7. Seventh day's proceedings: Monday, July 20, 1925 --
Darrow objects to "read your Bible" banner (transcript) --
Darrow questions William Jennings Bryan on the stand (transcript) --
Did the whale swallow Jonah? (transcript) --
Could Joshua command the sun to stand still? (transcript) --
Did the Flood wipe out civilization? (transcript) --
Darrow questions Bryan on Genesis (transcript) --
New York Times, Laughter at Bryan's expense, July 21, 1925 --
8. Eighth day's proceedings: Tuesday, July 21, 1925 --
Court strikes Bryan's testimony (transcript) --
Jury reaches a verdict; Scopes speaks (transcript) --
Farewell remarks (transcript) --
H. L. Mencken, Battle now over; Genesis triumphant and ready for new jousts, July 18, 1925 Part Three: The Scopes Trial and the culture of the 1920s: The documents --
1. Cartoonists draw the Scopes Trial --
Dorman, No wonder the monkeys are worried, June 29, 1925 --
Rogers, Disbelievers in the evolution theory, June 20, 1925 --
Cross, Unduly excited, June 25, 1925 --
Cargill, Education in the higher branches, 1925 --
Alley, The light of economic liberty, May 7, 1925 --
Baltimore Sun, Waiting, July 17, 1925 --
Alley, What manner of materials so enduring? May 3, 1925 --
2. Race and the Scopes Trial --
Chicago Defender, If monkeys could speak, May 23, 1925 --
W.E.B. Du Bois, Dayton is America, September 1925 --
Reverend John W. Norris, African Methodist Episcopal Church minister stands with Bryan, October 1925 --
P.W. Chamberlain, Racial hierarchy proves evolution, July 13, 1925 --
George W. Hunter, Race and eugenics in a civic biology, 1914 --
3. Educational freedom and the Scopes Trial --
William Jennings Bryan, Who shall control our schools? June 1925 --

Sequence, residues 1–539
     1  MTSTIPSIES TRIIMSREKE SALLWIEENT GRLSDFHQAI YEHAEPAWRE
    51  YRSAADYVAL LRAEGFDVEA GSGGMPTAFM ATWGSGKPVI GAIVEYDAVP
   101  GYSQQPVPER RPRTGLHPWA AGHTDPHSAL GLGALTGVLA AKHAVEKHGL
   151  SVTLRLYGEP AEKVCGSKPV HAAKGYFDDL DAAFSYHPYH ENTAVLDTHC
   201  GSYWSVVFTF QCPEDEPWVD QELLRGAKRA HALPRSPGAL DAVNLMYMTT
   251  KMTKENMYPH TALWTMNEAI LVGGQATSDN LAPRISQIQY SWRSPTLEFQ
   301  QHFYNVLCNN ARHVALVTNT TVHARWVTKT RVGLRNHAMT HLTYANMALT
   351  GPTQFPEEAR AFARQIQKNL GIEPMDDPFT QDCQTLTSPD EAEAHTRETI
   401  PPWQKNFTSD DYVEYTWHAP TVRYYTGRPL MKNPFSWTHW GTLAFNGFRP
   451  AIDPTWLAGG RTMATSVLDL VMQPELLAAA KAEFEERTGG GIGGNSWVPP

American Civil Liberties Union, Postwar threats to academic freedom, 1931 --
American Federation of Teachers, Concern over intolerance, July 18, 1925 --
American Association of University Professors, University faculty define academic freedom, 1915 --
R.S. Woodworth, Tennessee can dictate curriculum, not answers, August 29, 1925 4. The Scopes Trial and the "new woman" --
Father Hugh L. McMenamin, A Catholic priest argues women are surrendering their moral duty, October 1927 --
Regina Malone, A flapper responds to attacks on youths, July 1926 --
Mrs. E.P. Blair, A Tennessee woman calls for battle against evolutionist outsiders, June 29, 1925 --
Mrs. Jesse Sparks, A Tennessee mother writes to support the Butler Act, July 3, 1925 --
5. Religious alternatives in the 1920s --
Sarah Comstock, Performing for the Lord: Sister Aimee Semple McPherson, December 1927 --
Bruce Barton, Jesus as business executive, 1925 --
6. An invasion of "outsiders"? --
Reverend John Roach Straton, A fundamentalist defends Tennessee against outside invasion, December 26, 1925 --
Vine Deloria Jr., A modern native American scholar decries the invasion of European science, 1995 --
Appendixes: A chronology of events related to the Scopes Trial (1859-1999) --
Questions for consideration.
Series Title: Bedford series in history and culture (Palgrave (Firm))
Responsibility: Jeffrey P. Moran.
More information:

Abstract:

The 1925 trial of John Scopes, charged in Tennessee as illegally teaching evolution to his class, has been called the trial of the century. In a lively interpretative introduction to one of the watershed events in American history, Jeffrey P. Moran analyzes the trial and its impact on the moral fiber of the country and the educational system, and examines the race and gender issues that arose from the debate. Political cartoons and photographs add a colorful dimension to this collection.